The world’s longest running climate change experiment has launched a fundraising campaign to continue its vital work.
The Buxton Climate Change Impacts Lab (BCCIL) has been operating for 30 years this month, but now the site - and the unique insights it gives into the effects of climate change - are in danger of being lost.
Lancaster Environment Centre (LEC) Professor Carly Stevens, who sits on the steering committee for BCCIL, and has worked there on different projects over the last decade, said the longevity of the site, and how it helps to predict a changing climate means it is especially important in the face of the current climate crisis.
The experiment was originally set up by world-famous ecologist and Fellow of the Royal Society Professor Phil Grime, to find out how climate change will affect grasslands.
It has since applied drought, warming and watering treatments to a species-rich native grassland across three decades.
This has global significance - no other experiment has exposed vegetation to different climate treatments for this length of time - giving an unprecedented view of the future of grasslands.
As well as supporting many species of plants and animals (some of which are found nowhere else), they are used as pasture for livestock, support pollinators, store carbon, are used by people to find wellbeing and are a distinctive part of our heritage and landscape.
Carly is a professor in plant ecology and soil biogeochemistry at LEC and has been working at the site on a number of different projects over the years, using the experimental plots to address different ecological hypotheses.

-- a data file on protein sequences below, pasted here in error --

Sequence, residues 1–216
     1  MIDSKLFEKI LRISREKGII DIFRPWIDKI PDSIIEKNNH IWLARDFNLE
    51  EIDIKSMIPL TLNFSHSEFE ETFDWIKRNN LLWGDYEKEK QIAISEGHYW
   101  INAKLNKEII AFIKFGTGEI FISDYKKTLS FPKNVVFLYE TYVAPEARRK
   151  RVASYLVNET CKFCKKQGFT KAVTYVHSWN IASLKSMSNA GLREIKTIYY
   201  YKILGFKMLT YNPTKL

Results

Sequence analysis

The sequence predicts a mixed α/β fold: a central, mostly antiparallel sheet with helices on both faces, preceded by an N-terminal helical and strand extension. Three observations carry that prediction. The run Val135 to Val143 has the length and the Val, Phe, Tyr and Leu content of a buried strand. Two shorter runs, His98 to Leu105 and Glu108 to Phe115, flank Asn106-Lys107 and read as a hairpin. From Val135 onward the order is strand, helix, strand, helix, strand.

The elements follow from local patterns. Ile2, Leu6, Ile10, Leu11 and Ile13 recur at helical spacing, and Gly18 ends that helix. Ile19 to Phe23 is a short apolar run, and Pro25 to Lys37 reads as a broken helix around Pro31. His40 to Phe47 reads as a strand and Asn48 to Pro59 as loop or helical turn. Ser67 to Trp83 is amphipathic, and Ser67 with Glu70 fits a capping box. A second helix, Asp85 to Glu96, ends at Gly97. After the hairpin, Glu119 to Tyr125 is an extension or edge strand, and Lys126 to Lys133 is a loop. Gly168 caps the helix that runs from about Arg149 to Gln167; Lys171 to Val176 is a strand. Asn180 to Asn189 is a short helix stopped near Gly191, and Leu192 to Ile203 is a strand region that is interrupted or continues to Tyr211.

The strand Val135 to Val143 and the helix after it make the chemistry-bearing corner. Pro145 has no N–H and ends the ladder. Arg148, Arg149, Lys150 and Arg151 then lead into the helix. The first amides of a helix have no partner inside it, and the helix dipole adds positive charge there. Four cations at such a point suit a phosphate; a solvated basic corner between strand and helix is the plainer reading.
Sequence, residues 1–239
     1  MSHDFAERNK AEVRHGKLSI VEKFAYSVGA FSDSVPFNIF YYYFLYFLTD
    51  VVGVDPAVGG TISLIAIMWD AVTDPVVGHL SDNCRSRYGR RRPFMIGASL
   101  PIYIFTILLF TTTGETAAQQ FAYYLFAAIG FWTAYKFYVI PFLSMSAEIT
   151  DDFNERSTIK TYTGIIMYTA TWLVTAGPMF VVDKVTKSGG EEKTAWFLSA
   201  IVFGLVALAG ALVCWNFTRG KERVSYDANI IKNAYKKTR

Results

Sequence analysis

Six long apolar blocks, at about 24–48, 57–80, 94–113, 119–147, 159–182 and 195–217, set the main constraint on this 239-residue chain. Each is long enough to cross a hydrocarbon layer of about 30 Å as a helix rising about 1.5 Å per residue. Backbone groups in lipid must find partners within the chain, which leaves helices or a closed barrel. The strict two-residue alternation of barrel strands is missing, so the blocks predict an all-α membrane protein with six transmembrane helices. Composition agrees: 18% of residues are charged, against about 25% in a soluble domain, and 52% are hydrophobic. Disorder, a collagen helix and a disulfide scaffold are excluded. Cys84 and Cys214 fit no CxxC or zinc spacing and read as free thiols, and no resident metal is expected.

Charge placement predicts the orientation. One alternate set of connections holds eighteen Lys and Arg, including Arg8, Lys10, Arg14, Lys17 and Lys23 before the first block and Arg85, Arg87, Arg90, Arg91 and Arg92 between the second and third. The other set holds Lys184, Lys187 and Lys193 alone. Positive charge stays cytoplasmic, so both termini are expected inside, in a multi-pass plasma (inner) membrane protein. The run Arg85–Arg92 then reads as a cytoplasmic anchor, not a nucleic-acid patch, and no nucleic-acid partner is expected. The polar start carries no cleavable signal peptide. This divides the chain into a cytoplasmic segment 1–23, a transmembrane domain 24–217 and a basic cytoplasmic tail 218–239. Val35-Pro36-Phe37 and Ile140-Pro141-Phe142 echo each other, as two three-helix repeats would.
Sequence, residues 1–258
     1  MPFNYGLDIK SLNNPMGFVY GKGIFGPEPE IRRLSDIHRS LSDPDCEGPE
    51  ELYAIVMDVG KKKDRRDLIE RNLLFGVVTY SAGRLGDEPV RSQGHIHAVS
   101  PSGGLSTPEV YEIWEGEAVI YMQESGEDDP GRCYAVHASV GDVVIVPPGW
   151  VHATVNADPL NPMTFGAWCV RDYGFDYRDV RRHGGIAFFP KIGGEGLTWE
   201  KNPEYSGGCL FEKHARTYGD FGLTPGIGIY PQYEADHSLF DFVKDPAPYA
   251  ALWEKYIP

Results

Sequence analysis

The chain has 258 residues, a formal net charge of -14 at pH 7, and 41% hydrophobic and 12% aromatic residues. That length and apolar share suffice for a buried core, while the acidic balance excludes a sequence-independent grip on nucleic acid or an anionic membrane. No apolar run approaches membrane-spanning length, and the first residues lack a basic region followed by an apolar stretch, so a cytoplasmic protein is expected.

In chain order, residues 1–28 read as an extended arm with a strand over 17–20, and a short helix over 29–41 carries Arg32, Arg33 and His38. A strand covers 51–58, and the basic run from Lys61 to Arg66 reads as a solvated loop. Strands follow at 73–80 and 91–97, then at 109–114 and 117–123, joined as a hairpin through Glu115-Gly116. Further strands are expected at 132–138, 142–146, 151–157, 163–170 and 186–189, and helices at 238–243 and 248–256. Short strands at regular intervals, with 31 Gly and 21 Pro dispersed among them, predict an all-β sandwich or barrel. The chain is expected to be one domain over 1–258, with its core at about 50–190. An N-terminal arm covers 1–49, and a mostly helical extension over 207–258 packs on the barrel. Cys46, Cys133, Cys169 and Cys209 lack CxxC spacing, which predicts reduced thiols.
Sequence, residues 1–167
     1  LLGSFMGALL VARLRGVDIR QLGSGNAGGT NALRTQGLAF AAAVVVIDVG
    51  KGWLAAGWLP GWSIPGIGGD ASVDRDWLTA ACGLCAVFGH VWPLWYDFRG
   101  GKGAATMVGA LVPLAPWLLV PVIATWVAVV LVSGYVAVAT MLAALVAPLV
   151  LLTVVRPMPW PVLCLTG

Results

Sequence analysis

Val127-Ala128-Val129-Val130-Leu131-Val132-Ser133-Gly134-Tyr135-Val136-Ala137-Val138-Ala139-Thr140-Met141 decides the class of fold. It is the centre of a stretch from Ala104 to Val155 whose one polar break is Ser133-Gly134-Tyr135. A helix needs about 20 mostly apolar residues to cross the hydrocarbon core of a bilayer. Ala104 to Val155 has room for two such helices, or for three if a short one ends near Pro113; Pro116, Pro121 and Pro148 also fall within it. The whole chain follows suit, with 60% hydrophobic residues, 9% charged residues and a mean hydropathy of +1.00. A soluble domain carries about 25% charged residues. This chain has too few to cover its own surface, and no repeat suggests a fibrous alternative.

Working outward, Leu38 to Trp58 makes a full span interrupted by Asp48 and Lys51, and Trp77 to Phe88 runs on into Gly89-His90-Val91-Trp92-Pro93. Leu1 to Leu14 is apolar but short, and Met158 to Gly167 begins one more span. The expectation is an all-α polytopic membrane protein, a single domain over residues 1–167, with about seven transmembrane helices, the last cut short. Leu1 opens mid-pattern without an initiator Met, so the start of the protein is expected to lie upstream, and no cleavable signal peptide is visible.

She said one of the biggest challenges the BCCIL currently faces is finding funding to continue the experiment.
“Long-term experiments are vital to help us understand how ecosystems respond to change, especially in the face of the current climate crisis,” she said.
“As the longest running climate change experiment in the world the Buxton Climate Change Impacts Lab is especially important, helping us to predict how our changing climate will impact on biodiverse ecosystems and consider how we can manage those impacts to protect these ecosystems.”
There is no dedicated research or government funding available for these long-term experiments, and without further funding, the UK will lose a unique asset in the fight against climate change.
Dr Raj Whitlock, senior lecturer in Evolution, Ecology & Behaviour at the University of Liverpool, and chair of the steering committee for the site said: “We’ve lost more than 95 per cent of our native species rich grasslands in the UK, and now the remaining isolated fragments face the threat of climate change.
“The unique long-term view that the Buxton experiment gives us is vital in understanding how climate change alters ecosystems, earth’s vital life support systems.
“Without long-term experiments like this one, we are missing an important piece of the puzzle that will help us predict and mitigate the impacts of climate change.”
Best known as one of the faces of BBC Two’s Springwatch, Autumnwatch and Winterwatch, as well as Animal Park on BBC One, University of Liverpool alumna Megan McCubbin is lending her support to the campaign.
She said: “It was fascinating to visit the lab with my previous university lecturer, Dr Raj Whitlock.
“The fact that this project has run for 30 years is a phenomenal achievement by all involved, but we have to look forward to the future.
“We need this type of long-term research more than ever as the climate and biodiversity crisis continues to tighten its grip.
“We’ve got to fight for this project—it’s too important to lose.”
To find out more about the campaign or make a donation, visit HERE.Back to News